La Lechuza is a creature out of Mexico and Texas. The legend is of a human-sized bird with a woman's face who lures victims to her by cooing and crying like a baby. She'll capture them and take them to her nest where she eats them at her leisure. In some tellings the creature came from a woman who practiced black magic before being killed by neighbors for her evil practices, while other tellings state that La Lechuza is a woman during the day but witchcraft turns her into an owl at night.

Legend Rock. Ancient aliens!!!

According to legend, this is the grave of a warlock. His head is burried either between his legs or in the stone at the top, and if reunited with his body, he'll come back to life. Rehobeth-Ridge Road Cemetery New Philadelphia, Ohio

beautiful eyes

The Banshee, ("woman of the síde" or "woman of the fairy mounds") is a feminine Spirit in Irish mythology, usually seen as an omen of death and a messenger from the Otherworld. In legend, a banshee is a fairy woman who begins to wail if someone is about to die. In Scottish mythology the creature is called the bean sìth or bean-nighe and is seen washing the blood stained clothes or armour of those who are about to die. Alleged sightings of banshees have been reported as recently as 1948.

Agustín Víctor Casasola- Woman accused of witchcraft. Mexico City, ca. 1935

by Amy Rice, via Flickr

La Lechuza- South American folklore: an old woman witch that can turn into a huge barn owl and swoop down and prey on young men.

El sombreron- Guatemalan legend: a short man that wears all black and a huge black sombrero. He loves braiding the hair of the horses he rides, his dogs, and the women he woos. He uses a silver guitar to seduce women that have long black hair and big eyes. Once he's captured her, she usually dies because he does not feed her nor lets her sleep.

The Banshee, from the Irish “bean sí” (“woman of the síde” or “woman of the fairy mounds”) is a female spirit in Irish folklore, usually seen as a harbinger of death, as well as a messenger from the Otherworld. In Irish legend, a banshee is a fairy woman who begins to wail if someone is about to die.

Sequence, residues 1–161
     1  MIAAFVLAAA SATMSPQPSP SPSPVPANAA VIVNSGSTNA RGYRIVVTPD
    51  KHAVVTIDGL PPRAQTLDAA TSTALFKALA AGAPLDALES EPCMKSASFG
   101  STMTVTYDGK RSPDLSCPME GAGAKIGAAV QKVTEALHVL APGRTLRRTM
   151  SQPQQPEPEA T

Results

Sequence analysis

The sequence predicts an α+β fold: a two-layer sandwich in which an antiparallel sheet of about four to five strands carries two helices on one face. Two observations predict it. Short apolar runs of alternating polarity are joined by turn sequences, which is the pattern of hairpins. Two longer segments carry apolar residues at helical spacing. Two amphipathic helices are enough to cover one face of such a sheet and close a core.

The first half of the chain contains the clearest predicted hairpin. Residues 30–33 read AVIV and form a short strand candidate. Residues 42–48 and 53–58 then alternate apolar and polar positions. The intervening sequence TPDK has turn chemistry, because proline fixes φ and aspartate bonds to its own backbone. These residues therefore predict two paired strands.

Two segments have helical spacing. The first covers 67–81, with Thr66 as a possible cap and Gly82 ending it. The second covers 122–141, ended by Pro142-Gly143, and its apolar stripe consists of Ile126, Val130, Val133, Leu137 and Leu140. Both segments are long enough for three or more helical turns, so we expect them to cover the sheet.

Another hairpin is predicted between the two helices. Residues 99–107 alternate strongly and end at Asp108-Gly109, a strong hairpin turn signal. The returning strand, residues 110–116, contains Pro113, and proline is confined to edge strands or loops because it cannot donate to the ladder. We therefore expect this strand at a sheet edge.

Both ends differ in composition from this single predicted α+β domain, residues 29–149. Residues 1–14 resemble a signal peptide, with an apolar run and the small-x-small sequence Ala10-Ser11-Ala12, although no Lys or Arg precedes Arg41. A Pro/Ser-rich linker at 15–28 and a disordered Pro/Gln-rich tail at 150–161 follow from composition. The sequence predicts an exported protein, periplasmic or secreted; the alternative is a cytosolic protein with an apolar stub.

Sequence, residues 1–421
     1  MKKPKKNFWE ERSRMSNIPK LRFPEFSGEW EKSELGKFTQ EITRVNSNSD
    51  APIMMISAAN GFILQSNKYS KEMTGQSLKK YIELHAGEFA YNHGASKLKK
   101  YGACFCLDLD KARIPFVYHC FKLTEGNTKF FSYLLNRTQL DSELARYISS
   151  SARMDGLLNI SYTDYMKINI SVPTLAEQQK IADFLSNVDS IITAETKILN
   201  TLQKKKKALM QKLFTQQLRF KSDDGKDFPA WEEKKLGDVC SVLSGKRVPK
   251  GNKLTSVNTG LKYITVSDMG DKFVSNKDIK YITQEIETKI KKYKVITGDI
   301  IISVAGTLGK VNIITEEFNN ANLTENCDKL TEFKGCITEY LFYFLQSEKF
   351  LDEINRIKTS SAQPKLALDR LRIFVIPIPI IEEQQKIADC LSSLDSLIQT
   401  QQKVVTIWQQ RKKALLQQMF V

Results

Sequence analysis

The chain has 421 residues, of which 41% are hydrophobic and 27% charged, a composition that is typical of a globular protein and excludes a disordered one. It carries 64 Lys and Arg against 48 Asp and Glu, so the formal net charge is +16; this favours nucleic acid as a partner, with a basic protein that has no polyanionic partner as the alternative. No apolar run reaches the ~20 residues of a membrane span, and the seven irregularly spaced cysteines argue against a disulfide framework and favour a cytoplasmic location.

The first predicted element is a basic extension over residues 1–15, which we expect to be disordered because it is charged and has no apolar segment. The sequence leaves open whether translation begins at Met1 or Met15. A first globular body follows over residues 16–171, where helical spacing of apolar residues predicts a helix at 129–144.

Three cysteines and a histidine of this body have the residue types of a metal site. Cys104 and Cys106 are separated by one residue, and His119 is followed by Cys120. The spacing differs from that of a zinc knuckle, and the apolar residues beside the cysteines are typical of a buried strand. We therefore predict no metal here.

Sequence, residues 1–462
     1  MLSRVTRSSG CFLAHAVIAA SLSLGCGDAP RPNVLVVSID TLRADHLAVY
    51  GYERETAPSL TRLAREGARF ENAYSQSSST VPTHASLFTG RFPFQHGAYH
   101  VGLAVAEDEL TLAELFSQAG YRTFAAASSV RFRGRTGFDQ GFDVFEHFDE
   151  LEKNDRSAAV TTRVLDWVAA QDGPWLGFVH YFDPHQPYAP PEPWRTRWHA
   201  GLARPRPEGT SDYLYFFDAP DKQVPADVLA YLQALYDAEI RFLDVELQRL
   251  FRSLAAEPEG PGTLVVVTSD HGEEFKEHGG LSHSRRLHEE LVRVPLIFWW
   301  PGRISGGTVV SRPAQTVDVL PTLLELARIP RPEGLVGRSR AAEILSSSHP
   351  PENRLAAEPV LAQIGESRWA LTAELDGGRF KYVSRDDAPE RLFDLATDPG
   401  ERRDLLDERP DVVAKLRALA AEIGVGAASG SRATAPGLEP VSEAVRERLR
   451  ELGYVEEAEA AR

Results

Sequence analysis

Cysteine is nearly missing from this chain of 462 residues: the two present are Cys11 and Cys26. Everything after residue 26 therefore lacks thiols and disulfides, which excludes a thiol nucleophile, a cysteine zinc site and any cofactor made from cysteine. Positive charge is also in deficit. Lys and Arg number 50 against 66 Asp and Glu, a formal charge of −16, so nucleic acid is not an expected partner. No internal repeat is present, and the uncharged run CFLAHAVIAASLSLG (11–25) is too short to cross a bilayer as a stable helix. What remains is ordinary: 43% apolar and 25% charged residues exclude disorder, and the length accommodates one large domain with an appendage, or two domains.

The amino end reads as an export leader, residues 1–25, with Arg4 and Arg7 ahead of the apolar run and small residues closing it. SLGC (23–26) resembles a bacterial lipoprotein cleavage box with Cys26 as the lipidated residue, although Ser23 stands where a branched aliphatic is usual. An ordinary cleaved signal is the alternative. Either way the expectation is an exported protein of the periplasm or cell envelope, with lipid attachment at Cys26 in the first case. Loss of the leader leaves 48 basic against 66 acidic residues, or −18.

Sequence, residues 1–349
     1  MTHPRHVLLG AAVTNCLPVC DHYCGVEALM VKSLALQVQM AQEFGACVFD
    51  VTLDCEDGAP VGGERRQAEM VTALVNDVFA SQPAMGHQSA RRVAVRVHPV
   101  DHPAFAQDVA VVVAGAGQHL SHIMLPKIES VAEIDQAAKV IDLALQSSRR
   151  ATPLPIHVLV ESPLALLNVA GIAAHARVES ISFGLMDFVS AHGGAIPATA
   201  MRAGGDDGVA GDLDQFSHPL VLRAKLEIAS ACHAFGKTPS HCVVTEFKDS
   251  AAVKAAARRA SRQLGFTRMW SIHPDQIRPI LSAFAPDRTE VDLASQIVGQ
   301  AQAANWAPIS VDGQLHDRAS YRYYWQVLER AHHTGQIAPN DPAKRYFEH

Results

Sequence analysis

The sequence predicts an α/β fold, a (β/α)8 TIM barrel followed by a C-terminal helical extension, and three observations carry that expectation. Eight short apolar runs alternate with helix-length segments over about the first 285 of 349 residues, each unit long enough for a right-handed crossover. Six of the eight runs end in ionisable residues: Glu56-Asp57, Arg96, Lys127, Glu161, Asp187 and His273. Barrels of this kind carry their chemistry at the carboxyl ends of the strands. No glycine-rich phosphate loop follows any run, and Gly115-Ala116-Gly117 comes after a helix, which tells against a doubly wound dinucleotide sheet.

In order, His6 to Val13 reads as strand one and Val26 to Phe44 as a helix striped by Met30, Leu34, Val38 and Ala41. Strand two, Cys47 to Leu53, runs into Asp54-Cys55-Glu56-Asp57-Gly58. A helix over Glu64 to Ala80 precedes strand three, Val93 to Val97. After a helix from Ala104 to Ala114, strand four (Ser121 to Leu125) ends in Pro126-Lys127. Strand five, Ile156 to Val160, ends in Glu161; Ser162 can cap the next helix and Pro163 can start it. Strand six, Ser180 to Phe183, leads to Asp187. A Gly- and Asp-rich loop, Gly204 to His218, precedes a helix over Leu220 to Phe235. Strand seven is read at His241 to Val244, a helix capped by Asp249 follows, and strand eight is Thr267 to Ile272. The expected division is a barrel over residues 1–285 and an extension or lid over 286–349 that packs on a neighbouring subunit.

Porfirio Díaz standing next to the Aztec Sun Stone. The Aztec calendar stone, Mexica sun stone, Stone of the Sun (Spanish: Piedra del Sol), or Stone of the Five Eras, is a large monolithic sculpture that was excavated in the Zócalo, the main square of Mexico City, on December 17, 1790. It was discovered while Mexico City Cathedral was being repaired. The stone is approximately 12 feet across and weighs approximately 24 tons.

Great Grey Owl.

An Indian legend says: "When a human dies, there is a bridge they must cross to enter into heaven. At the head of the bridge waits every animal that human encountered during their lifetime. The animals, based on what they know of this person, decide which humans may cross the bridge... and which are turned away." That would be Karma at it's finest...

In legend, a banshee is a fairy woman who begins to wail if someone is about to die. Banshees were said to appear for particular Irish families, though which families made it onto this list varied depending on who was telling the story. Stories of banshees were also prevalent in the West Highlands of Scotland. In Welsh folklore, a similar creature is known as the Hag of the mist.

WHITE OWL ~ Cumbria, England

SuperStock - Mexico, state of Yucatan, a Mexican woman wearing a traditional costume


A unidentified hominid reputed to lurk in the Australian wilderness. Reports of yowie-type creatures are common in the legends and stories of Australian Aboriginal tribes, particularly those of the eastern states of Australia.

MEXICO: strange Creature photographed in the municipality of Ecatepec

Amelia Jane Murray

A small creature that possibly taken from a barn in Mexico.  They took a series of DNA tests but the results were inconclusive.